The cities seem to be getting better with their waste management, however anywhere else is still bad.
Embrace the Chai
Masala chai is the life blood of this place. Its spicy, sweet flavour will have you addicted in no time. Embrace it, you will end up drinking it at breakfast, everytime you are greeted at new accomodation, as dessert etc etc. It’s awesome, so go with it.
There are some beautiful beaches
Don’t just think of India as hot and dirty, it possesses beautiful beaches to rival any of those we have seen in our travels… white sands, palm trees and beach front huts for the fraction of a cost of Thailand or Bali. There’s also a pretty good night life if you want it. See our Palolem post.
This was our first country where we really needed to barter. It took us a while to find our feet but what we found was they would start at a cost that was double what they would sell for, so we would either hear their price and think about what we thought was fair (usually a little more than the lowest price they would go) and state that number and not budge, or go for half what they quoted and be willing to move up from that number by a small margin.
Starting to walk away is also helpful, as we found that if we had tried bargaining and they would only move the price a little, walking away proved if they were just hoping we would buy it anyway, or if they wouldn’t budge because selling lower wasn’t worth it for them. Usually as we moved away one of two things occurred: they would relent and give a far better price closer to what you had asked, or shake their head sadly and let you go.
Trains v buses
We cannot objectively give you the best advice here as despite all our plans to take the train, we never got to take one! What we can say is that people we met who travelled via train said it was great because:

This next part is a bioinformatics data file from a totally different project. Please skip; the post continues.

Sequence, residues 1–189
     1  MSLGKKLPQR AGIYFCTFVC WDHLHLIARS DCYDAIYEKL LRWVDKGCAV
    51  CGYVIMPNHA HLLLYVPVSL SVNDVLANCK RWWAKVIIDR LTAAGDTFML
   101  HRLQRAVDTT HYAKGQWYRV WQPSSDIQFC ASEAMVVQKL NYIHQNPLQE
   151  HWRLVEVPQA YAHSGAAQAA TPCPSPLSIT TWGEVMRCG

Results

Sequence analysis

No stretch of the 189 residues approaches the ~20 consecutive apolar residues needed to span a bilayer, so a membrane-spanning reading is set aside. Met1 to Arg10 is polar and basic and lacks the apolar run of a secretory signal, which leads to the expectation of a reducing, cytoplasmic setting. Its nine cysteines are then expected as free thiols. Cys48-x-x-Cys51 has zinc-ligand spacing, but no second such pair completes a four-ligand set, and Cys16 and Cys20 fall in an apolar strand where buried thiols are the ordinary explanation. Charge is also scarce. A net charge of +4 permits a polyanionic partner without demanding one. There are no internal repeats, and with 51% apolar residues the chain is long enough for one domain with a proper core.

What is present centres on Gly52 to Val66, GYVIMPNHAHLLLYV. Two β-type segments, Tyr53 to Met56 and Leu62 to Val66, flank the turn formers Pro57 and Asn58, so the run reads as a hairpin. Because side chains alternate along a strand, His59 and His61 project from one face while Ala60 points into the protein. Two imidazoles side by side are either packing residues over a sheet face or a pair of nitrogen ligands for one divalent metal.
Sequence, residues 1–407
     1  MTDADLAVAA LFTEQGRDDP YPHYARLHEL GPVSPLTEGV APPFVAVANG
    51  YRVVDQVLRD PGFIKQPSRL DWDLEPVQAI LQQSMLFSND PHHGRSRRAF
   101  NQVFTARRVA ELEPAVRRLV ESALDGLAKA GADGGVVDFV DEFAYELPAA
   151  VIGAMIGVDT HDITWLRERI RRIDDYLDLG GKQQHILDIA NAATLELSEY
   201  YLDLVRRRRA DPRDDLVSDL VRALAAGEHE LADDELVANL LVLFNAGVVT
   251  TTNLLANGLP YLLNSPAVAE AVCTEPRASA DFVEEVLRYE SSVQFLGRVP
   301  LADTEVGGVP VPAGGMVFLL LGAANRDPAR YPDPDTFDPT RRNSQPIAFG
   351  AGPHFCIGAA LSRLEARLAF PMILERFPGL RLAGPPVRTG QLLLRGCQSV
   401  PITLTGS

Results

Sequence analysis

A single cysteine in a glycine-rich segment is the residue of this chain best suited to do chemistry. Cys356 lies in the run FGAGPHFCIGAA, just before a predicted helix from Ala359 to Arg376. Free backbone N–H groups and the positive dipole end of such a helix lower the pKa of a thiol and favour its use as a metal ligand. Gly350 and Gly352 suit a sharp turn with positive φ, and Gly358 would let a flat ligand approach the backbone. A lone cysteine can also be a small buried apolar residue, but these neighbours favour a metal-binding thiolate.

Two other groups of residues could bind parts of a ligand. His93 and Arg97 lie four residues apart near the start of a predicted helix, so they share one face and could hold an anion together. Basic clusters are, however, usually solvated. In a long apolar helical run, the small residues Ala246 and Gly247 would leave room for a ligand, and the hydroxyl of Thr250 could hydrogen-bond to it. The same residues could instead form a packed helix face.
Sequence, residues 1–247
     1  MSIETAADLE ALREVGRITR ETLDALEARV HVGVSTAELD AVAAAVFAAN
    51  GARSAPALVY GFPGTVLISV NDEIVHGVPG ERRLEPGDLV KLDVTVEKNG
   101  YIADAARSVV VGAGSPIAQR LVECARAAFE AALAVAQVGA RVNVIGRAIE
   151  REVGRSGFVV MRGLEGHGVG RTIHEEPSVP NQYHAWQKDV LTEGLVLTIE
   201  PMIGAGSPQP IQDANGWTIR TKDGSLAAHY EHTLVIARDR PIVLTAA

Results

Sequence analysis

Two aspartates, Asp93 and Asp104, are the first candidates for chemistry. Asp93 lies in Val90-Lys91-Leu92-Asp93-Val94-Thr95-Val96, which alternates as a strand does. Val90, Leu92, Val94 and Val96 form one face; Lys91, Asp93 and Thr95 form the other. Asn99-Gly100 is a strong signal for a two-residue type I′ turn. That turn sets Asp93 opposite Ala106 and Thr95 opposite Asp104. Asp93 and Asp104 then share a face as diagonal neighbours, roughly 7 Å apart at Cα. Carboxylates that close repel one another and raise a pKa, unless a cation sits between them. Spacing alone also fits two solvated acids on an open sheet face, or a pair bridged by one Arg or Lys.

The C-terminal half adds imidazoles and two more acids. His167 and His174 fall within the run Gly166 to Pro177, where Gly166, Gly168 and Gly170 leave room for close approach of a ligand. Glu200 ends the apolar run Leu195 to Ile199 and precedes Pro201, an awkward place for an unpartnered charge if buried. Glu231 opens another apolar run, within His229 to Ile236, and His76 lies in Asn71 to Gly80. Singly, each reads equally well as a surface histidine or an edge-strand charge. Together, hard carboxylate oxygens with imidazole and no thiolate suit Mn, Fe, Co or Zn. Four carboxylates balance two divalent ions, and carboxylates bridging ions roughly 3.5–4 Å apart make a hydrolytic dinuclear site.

- you could lay down comfortably
- you were able to get up whenever you needed
- each ride is only around 4 – 10 dollars
Some things they found a little harder was:
- being able to get a sleeper ticket before date of travel was hard, you had to go to the station and buy a foreigner ticket (there is a certain number on each train dedicated to this) so sometimes (not often) you could be without a train.
- The trains don’t stop for long at each place, so you need to be ready to get off when the train stops or your riding it one stop further!
We liked them because:
- The price was often the same or only a dollar more than the sleeper train.
- We could book them before our travel dates.
- Most sleepers had a single or double bed option, so you could lay down comfortably.
What we found challenging:
- The amount of sleep you get is very dependent on the quality of the roads. We did wake up as we were getting air a few times.
- You can only get up when the bus makes a stop. The bus usually stops 2 times during the ride, one time around 10pm for food and beverages, another in a early hours which is purely for a quick toilet break.